Welcome to Creators Going Pro, where in partnership with Semaphore — a creator-focused family of companies providing business and financial services to social media professionals — we profile professional YouTube stars who have hit it big by doing what they love. Each week, we’ll chat with a creator about the business side of their channel, including identifying their Semaphore Moment — the moment they truly went pro.
Stan Prokopenko started with a website.
After graduating art school Watts Atelier and sticking around for another five years to teach the students following in his footsteps, Prokopenko wanted to reach more artists in training. Figuring out how to do it was the tricky part. He launched a website in 2009, and used it to post written and illustrated lessons instructing interested internet users on art essentials like anatomy and perspective. He earned advertising money from the site — but not much. Not nearly enough for art education to be his full-time job.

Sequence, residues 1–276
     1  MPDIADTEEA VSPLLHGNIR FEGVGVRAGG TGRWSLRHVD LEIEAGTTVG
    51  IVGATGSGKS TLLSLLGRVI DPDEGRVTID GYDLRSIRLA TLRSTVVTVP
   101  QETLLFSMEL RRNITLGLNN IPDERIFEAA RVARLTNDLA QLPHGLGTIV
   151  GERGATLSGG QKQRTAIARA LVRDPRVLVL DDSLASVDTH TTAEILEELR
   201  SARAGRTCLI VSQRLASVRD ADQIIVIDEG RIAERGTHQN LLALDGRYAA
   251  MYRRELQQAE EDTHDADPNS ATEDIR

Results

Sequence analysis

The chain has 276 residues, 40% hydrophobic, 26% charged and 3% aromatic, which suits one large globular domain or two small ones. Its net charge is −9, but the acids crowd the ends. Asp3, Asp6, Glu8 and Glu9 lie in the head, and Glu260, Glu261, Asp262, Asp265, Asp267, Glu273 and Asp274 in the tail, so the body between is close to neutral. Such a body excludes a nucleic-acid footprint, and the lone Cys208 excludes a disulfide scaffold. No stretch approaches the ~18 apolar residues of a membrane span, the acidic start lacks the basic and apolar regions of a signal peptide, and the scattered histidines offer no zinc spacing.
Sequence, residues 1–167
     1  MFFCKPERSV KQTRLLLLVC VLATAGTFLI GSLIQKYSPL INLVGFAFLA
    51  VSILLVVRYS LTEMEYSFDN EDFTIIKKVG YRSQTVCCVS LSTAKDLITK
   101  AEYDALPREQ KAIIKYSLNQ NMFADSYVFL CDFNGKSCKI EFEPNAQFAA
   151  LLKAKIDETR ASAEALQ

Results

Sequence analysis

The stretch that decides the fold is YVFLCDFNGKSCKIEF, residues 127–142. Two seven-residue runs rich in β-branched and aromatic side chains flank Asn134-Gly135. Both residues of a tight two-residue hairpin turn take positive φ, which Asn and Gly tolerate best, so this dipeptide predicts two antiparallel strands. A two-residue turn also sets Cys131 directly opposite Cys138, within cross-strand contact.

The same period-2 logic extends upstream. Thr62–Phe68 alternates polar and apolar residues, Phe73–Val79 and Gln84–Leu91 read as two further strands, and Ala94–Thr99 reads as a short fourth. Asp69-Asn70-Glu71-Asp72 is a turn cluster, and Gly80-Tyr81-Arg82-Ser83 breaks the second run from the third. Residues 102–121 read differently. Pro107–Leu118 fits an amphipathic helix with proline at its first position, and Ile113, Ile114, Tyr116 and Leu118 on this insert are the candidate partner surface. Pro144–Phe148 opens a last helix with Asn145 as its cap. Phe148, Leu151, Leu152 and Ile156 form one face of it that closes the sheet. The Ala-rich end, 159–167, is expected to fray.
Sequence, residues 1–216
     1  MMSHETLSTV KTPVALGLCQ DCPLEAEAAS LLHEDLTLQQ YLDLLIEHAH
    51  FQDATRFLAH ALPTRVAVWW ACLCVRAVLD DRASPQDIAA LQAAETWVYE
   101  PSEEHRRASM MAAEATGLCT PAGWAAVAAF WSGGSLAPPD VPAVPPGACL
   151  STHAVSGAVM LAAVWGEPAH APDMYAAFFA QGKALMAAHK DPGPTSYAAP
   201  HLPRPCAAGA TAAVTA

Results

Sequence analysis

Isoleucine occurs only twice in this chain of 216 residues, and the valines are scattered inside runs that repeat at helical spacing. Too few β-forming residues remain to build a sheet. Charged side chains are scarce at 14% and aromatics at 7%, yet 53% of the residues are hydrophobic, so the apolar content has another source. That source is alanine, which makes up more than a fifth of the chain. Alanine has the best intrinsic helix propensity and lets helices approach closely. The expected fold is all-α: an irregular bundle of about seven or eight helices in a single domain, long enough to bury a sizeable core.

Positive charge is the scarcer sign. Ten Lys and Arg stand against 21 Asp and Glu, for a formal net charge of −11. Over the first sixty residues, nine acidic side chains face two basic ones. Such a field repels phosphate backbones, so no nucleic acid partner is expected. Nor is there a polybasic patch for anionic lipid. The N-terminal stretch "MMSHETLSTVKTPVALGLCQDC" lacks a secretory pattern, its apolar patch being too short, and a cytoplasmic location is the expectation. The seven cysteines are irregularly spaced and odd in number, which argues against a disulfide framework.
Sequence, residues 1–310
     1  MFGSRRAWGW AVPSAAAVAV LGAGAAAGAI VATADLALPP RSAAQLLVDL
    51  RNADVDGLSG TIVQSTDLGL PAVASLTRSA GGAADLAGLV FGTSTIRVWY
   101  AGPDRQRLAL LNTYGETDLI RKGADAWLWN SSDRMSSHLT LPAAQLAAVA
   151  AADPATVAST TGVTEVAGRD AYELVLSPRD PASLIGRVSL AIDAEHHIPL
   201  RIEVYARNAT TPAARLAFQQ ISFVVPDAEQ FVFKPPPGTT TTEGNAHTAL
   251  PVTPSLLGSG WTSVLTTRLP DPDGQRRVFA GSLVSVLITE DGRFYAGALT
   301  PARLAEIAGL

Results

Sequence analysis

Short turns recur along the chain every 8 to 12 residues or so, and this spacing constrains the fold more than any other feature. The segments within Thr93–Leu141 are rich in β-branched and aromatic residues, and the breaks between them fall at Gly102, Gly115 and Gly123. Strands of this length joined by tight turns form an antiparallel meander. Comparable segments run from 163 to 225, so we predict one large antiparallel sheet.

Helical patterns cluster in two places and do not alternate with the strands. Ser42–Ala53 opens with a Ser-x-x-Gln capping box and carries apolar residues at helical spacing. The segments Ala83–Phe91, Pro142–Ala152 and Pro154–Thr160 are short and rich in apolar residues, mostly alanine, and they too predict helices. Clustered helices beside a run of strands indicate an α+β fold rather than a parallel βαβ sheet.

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Then he found YouTube. And YouTube changed everything.
When he started distributing video lessons on his YouTube channel Proko in 2012, Prokopenko’s advertising revenue went from $40 per month to $450. The uptick encouraged him to try another video distribution avenue: art lessons on DVD. Four months after launching his channel, he directed his YouTube audience to his fledgling sales page.
They bought $11,000 worth of lessons in one month.
Prokopenko still produces those DVDs, but his main focus is YouTube, where he and his team upload at least one new lesson per week for their 1.4 million subscribers (and garner between 2 and 3 million views per month). Once a one-man operation, Prokopenko has now turned his channel into art education brand Proko, and has turned Proko into a full-scale business, with a bevy of employees.